She claims that these goblin fights are boring, standing as stagnant interludes between moments of what the game is really about, i.e. (asking ironically), "How am I supposed to break up long periods of players developing their characters, puzzle-solving, discovering lore and fighting magical monsters?" It's strange to me that D'Anastasio doesn't see that goblins are magical monsters, and doesn't conceive of the possibility that the presence of goblins and whether they fight might be a means of puzzle-solving ...
My attention to this article was directed by David Rollins at blog Searching for Magic in his post "The Ecology of My Goblins or, How to Make Goblins Fun!" He takes issue with D'Anastasio's characterization of goblins, and I agree wholeheartedly with his rebuttal.
But I must admit--I do actually agree with D'Anastasio to a large degree. Battles without stakes are boring, and I don't play D&D just for the visceral joy of seeing dice roll across the table--I play for the visceral joy that a character's survival depends on that die roll! If goblins are being used by a referee just to be a no-risk fight, and I'm forced to slog through every round of it, and the goblins fight to the death, and none of it matters, I tune out. I've played in games like this; I played in a Pathfinder game where my paladin was blinded, but I refused the possibility to have him cured and had him run into the vanguard of every fight against Orcs just to test how far the referee would bend the rules not to kill him (he survived every fight; the absurdity was the only reason I was entertained).
This article piqued my interest because the last two games I've run in my Greyhame Dungeon Game have both involved goblins (Expedition 16 and Expedition 17; I haven't yet written up the latter). Expedition 16 involved what was basically a massacre of goblins; the characters entered the dungeon with a veritable army of wardogs and hirelings, and all together slaughtered some thirty goblins--but this was not "I miss," "I hit," "I miss," "I hit," ad nauseum, this was a running battle with groups of goblins panicking from bad morale rolls, running to the next goblin post for reinforcements, and/or going through side corridors in attempts to outflank the party. Nothing worked--the goblins were just too weak.
Expedition 17, meanwhile, involved only a couple of characters and their few hirelings and wardogs. During their first entrance into the dungeon, the party was overwhelmed by a large number of goblins, and after both dogs and one of the hirelings were killed, the party had to retreat. Outside the dungeon, they regrouped with a couple more dogs; then, going back into the dungeon, they were ambushed by the same large force of goblins. Another dog and the other hireling were killed, and it looked like the survivors would soon be goblin-arrow pincushions; but to my surprise, the two characters and their last dog fled downstairs to the next level of the dungeon, only escaping by lighting oil on fire behind them on the stair. After that, it was only by good luck that they found another exit from the dungeon so that they didn't have to face the goblins again.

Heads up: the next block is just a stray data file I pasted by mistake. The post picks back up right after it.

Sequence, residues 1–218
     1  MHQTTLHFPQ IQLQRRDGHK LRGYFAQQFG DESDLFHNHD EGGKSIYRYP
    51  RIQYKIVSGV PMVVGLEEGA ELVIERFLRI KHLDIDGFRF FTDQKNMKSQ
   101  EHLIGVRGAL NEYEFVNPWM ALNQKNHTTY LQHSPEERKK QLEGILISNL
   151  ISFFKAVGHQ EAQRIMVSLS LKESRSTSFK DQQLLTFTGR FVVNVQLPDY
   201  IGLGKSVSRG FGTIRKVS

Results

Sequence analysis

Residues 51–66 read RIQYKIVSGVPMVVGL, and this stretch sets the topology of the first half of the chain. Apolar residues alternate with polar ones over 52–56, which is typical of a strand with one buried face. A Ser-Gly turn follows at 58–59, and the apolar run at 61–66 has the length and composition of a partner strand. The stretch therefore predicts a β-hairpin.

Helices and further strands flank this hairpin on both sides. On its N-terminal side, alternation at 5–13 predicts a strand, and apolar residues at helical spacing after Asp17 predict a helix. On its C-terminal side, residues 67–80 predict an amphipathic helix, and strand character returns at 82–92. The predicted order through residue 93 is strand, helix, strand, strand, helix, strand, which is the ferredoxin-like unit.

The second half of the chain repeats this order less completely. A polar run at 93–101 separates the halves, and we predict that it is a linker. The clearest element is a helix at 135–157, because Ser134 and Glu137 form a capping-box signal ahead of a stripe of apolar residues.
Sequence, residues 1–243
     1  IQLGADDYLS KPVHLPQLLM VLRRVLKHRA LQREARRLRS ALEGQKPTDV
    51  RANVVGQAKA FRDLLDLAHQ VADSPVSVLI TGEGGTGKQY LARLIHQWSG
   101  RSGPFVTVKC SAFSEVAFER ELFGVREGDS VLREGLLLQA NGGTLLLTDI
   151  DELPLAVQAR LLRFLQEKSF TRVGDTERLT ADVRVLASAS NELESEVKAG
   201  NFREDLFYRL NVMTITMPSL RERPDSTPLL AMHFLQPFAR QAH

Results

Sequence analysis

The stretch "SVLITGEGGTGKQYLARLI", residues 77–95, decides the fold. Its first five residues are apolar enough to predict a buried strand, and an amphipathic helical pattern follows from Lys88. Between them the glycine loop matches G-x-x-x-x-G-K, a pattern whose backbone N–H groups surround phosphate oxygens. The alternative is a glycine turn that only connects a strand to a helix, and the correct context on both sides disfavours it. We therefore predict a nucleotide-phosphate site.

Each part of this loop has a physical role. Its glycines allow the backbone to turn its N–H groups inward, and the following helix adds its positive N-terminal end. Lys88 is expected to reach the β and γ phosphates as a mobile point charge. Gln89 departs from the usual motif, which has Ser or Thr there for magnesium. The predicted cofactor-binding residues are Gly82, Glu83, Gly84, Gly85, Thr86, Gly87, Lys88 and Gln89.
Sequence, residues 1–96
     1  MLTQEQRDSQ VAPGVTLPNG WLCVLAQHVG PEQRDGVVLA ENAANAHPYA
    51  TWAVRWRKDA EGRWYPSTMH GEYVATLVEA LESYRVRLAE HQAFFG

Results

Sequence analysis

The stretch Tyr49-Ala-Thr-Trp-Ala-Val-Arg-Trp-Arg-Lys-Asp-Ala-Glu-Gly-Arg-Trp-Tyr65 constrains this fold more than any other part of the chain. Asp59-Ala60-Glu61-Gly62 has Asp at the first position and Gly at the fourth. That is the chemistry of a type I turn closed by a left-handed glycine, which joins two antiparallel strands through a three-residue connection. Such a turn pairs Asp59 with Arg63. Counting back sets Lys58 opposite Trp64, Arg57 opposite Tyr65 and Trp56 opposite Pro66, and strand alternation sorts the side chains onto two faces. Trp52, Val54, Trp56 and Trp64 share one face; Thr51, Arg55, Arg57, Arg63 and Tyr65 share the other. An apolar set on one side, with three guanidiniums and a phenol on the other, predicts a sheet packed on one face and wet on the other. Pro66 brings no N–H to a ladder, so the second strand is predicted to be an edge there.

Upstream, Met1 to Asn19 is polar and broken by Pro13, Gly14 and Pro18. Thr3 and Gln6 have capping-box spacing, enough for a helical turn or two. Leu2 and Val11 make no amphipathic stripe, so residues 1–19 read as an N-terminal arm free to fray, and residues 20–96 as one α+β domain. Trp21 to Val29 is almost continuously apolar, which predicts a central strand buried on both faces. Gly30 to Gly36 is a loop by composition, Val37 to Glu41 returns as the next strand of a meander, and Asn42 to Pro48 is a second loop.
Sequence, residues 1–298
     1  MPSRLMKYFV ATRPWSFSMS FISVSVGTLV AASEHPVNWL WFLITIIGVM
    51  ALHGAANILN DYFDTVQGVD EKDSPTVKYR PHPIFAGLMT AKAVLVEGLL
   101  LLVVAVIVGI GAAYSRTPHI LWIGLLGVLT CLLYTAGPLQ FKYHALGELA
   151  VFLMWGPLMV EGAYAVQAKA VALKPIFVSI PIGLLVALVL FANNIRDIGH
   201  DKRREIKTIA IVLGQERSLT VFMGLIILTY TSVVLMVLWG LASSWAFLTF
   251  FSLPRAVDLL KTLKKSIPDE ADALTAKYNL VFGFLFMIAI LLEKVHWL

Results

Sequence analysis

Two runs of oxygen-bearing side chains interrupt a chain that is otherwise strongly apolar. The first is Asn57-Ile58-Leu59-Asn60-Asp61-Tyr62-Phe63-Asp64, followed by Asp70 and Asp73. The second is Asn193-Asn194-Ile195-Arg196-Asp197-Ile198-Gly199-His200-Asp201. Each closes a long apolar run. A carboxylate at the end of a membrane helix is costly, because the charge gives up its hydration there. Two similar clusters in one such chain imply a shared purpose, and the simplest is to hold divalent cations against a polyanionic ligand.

I recite these examples as clear counterexamples to D'Anastasio's claim that goblin-fights are the worst. Both of these games were exciting--for different reasons!--and both involved goblins.
|a couple of Free Goblins|
So I agree with D'Anastasio in a general way that pointless fights are boring--but on the point of goblins I completely disagree, because the presence of goblins do not a pointless fight make. Goblins can be as boring as the Orcs that my blind paladin fought in that Pathfinder game, or as interesting as Rollins' weird hive-goblins, Jeff Rients' goblins with their goblin-doors (I keep forgetting to use these), or my own goblins who are certainly easily routed cowards, but who can also overwhelm and kill foolhardy adventurers (and they can cast magic and do other things too ...).
The relevant question to ask is not "Are there goblins?" but "Why are there goblins?" If the answer to the why of goblins is just to have no-risk fights for low-level characters, then fighting them is bound to become boring (but honestly, if that's the goblins' only point, if you're playing D&D, the game of tactical infinity, why don't you avoid fighting the goblins?).
|What if the goblins are the type that steal children, and the fight|
against the goblins determines whether you save the kids or not?
But in my game (and in Rollins' game, and in Rients' game, etc. etc.) goblins have probably been chosen because they specifically interest the referee. I know in my game, that's the case. I use goblins for a variety of reasons: goblins kidnap children (adventure hook--save the children!); goblins are the friends of wolves and werewolves (another hook in the monsters they associate with); goblins are either the slaves of Elves (and maybe sympathetic to the PCs?), or Free Goblins (both a player class, and a further adventure hook in that goblins hate Elves); higher level goblins cast weird magic (including goblin doors, probably); goblin kings are strange and powerful and as beautiful as Elves (or at least David Bowie); and let's be honest, fighting goblins in an old school game where a referee is willing to see characters die is just not boring!
|the Goblin King|
Goblins are great! Use them, please, in great numbers and in great varieties. Make them interesting, and make sure interactions with them (fights and otherwise) matter.
Goblins are incredibly versatile monsters, by the way; I've seen lots of different goblins in modules, including fungus-goblins (Tomb of the Serpent Kings) and blue goblins (Mortzengursturm the Mad Manticore of the Prismatic Peak) and Batiri jungle goblins (Tomb of Annihilation); and don't forget the goblins of other media, especially Labyrinth, and even Blix from Legend.